Which brings us back to Clinton and his future. I would hate to lose the NS's unerring record of political forecasting here by saying he is totally out of the woods now: he isn't. The Republicans, though chastened, remain in control of both the House and Senate. Inspector Clouseau still has a few cards up his sleeve, too, and by casting his net so wide - like arresting and questioning every single human being on earth about every event that has ever happened, which now seems to be his game plan - he may yet manage to pin something on Clinton.

Even Clouseaus (Clouseaux?) sometimes get their man, but - as I said in this column last month - I suspect Starr may yet feel the rough hand of the law on his collar before Clinton. His office illegally leaked Grand Jury evidence (a more serious offence than it sounds); he failed to disclose crucial personal interests to the Justice Department when seeking permission to investigate Lewinsky; and he is clearly guilty of attempted entrapment of Clinton (and, even more blatantly, of his friend Vernon Jordan) in the exceedingly nasty Clinton-Lewinsky-Tripp set-up. The other day I joked with someone often described as "a very senior White House aide" about Starr himself ending up in prison; he replied, very seriously, that one day he expects to see Starr in orange prison overalls.

So the hopes of the Republicans now revert to being pinned firmly on to the preppy son of the man Bill Clinton beat to become President in 1992. Rather as Michael Portillo is trying to reinvent himself as the caring face of Toryism, so the right here is desperately pushing George Bush Jr as new, compassionate Republicanism; you know this when you see Rupert Murdoch's cheerleader, William Rees-Mogg, blathering on about the virtues of Bush and how he is likely to become president in 2001.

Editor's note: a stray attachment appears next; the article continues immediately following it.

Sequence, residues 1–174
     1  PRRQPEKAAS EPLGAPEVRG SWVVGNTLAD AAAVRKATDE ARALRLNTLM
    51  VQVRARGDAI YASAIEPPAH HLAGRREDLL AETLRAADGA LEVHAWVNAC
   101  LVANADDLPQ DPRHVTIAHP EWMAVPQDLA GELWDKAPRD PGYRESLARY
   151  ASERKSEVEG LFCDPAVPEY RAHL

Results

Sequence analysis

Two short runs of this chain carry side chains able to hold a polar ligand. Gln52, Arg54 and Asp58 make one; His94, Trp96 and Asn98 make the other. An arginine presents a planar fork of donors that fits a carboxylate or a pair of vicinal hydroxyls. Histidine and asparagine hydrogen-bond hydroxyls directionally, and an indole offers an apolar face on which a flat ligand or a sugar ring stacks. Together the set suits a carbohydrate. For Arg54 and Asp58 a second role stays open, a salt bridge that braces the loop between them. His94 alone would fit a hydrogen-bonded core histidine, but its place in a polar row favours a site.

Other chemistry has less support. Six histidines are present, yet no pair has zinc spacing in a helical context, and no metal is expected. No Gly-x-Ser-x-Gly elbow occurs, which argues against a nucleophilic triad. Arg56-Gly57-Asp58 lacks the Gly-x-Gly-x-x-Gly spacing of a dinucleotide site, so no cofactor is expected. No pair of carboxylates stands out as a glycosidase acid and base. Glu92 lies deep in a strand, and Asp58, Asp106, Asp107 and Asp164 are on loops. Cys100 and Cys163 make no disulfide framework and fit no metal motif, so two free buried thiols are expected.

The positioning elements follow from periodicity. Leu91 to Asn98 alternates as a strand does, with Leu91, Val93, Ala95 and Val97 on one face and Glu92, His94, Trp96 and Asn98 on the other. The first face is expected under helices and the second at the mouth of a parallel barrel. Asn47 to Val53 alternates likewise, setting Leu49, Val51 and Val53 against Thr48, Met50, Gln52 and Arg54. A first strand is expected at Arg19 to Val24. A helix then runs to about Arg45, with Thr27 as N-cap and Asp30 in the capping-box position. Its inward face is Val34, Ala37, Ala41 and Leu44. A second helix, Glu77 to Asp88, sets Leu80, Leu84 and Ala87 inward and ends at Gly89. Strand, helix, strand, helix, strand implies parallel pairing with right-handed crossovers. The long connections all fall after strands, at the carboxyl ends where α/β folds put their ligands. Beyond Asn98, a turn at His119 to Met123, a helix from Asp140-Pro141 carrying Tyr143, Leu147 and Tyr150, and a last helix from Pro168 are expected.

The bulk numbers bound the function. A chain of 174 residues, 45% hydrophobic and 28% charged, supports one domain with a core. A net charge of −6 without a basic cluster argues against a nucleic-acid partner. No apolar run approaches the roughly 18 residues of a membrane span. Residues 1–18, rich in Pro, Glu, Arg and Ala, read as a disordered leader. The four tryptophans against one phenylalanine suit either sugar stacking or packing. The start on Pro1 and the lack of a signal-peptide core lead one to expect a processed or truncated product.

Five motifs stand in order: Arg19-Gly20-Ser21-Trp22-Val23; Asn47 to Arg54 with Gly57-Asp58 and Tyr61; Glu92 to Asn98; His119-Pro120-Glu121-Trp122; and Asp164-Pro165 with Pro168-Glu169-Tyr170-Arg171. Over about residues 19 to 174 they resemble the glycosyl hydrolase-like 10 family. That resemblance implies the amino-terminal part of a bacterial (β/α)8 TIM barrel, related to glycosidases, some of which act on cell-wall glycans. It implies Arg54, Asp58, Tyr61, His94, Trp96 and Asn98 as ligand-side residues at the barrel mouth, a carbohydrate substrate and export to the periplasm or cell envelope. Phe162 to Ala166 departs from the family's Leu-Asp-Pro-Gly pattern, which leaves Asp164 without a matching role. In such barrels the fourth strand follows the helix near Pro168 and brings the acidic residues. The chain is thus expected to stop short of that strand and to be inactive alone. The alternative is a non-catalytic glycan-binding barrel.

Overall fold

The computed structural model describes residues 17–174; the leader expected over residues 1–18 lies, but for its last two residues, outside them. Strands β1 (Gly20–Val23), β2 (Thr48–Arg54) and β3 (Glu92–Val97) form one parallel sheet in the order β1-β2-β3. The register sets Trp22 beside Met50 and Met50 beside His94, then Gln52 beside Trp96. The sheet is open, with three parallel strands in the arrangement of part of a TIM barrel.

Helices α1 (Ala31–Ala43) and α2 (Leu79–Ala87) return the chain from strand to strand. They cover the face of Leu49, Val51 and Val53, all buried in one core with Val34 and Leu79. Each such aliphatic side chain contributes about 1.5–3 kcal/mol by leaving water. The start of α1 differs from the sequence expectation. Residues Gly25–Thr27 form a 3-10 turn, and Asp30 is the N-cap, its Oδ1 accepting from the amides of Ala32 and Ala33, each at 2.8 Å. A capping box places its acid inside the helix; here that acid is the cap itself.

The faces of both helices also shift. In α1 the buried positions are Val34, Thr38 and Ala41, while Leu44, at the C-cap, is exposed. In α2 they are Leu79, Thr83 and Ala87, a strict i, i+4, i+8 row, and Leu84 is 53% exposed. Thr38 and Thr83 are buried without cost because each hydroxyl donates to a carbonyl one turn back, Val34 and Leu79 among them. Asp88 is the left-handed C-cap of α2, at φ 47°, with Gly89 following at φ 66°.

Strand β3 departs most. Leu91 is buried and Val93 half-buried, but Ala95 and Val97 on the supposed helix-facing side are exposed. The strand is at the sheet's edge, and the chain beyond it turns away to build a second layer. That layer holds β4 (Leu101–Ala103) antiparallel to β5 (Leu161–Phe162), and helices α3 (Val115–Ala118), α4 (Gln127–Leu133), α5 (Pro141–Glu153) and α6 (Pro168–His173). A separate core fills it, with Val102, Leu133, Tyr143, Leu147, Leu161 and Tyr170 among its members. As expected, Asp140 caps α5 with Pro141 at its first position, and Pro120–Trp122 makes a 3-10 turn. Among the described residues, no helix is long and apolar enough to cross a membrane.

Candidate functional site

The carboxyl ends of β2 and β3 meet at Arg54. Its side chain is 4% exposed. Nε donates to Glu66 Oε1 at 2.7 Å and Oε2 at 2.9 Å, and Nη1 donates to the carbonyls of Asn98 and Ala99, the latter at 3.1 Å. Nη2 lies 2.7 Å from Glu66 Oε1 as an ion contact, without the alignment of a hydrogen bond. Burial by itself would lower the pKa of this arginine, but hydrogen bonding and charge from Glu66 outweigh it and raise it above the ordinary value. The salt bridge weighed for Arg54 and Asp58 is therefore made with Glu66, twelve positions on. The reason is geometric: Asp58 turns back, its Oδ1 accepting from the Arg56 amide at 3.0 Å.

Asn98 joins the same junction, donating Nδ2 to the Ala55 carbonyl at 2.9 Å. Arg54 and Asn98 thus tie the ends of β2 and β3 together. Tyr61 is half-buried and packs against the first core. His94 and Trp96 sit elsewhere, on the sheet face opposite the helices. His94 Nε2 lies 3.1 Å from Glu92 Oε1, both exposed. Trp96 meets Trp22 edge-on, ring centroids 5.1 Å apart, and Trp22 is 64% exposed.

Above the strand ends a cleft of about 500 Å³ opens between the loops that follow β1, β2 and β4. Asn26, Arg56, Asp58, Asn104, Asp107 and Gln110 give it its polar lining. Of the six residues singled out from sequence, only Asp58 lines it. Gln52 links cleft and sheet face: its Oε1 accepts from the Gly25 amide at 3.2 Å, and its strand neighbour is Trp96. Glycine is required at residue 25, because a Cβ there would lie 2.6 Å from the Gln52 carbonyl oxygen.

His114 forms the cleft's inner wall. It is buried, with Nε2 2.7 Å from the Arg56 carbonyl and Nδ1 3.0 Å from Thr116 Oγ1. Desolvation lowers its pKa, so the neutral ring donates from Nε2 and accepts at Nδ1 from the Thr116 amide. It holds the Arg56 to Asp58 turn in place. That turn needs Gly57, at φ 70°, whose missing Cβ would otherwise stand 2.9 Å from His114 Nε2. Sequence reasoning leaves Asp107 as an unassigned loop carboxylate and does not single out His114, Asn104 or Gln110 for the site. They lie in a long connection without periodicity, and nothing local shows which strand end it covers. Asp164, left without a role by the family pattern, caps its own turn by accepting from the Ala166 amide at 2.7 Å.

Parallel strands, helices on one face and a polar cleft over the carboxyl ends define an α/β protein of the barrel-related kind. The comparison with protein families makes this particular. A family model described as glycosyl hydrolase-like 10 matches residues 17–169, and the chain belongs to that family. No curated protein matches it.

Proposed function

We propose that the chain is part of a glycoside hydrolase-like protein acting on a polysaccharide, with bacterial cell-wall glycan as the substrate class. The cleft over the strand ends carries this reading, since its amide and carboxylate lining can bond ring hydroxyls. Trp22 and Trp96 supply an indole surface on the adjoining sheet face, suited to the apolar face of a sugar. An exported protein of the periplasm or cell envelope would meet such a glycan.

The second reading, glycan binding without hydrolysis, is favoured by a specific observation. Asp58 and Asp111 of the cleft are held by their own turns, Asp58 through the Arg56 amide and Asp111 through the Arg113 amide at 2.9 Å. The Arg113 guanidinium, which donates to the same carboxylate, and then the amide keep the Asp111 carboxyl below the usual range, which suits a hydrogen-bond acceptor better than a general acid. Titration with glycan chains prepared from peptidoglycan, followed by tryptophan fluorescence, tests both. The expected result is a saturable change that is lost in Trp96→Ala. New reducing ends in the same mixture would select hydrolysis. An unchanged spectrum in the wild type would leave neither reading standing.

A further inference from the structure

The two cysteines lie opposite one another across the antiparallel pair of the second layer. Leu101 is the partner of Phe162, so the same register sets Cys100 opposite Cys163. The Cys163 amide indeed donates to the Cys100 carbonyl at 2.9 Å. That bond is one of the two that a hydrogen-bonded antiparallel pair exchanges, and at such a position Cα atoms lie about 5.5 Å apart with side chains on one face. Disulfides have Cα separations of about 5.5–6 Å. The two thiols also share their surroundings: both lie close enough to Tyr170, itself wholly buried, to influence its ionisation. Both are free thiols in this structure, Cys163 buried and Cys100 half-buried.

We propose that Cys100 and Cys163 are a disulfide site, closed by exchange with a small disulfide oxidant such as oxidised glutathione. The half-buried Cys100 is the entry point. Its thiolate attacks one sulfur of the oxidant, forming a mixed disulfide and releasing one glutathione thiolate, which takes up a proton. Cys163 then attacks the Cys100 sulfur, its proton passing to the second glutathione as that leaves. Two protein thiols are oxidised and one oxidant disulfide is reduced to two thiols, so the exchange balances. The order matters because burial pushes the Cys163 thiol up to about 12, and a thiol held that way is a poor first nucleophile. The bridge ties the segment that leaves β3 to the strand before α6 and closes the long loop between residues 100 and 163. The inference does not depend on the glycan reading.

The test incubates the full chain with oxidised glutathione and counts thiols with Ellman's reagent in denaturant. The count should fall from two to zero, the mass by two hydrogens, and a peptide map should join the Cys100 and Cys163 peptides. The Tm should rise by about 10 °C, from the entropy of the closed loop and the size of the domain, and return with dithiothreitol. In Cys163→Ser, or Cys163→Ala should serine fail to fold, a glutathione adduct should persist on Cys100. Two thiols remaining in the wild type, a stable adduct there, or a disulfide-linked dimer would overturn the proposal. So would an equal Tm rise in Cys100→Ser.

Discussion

You also know that such predictions and arguments must be flawed, too. George W Bush is a more complicated man with a more complicated past than Rees-Mogg and his ilk yet realise. By default he could find himself the Republicans' candidate for 2000, in which case we would be faced with Bush v Gore - two born-to-rule scions of privilege in an electoral battle guaranteed to send even poor Howe to sleep. But we have not yet heard the last of Clinton, Starr, Livingston et al - or even of Jeb Bush, newly elected governor of Florida, George's younger brother, and a much brighter and more interesting chap than George Junior. Watch this space: certainly not those of Murdoch and Black who, I'm afraid, have simply flunked it when it has come to these testing times.

Andrew Stephen was appointed US Editor of the New Statesman in 2001, having been its Washington correspondent and weekly columnist since 1998. He is a regular contributor to BBC news programs and to The Sunday Times Magazine. He has also written for a variety of US newspapers including The New York Times Op-Ed pages. He came to the US in 1989 to be Washington Bureau Chief of The Observer and in 1992 was made Foreign Correspondent of the Year by the American Overseas Press Club for his coverage.

This article first appeared in the 13 November 1998 issue of the New Statesman, Why gays become politicians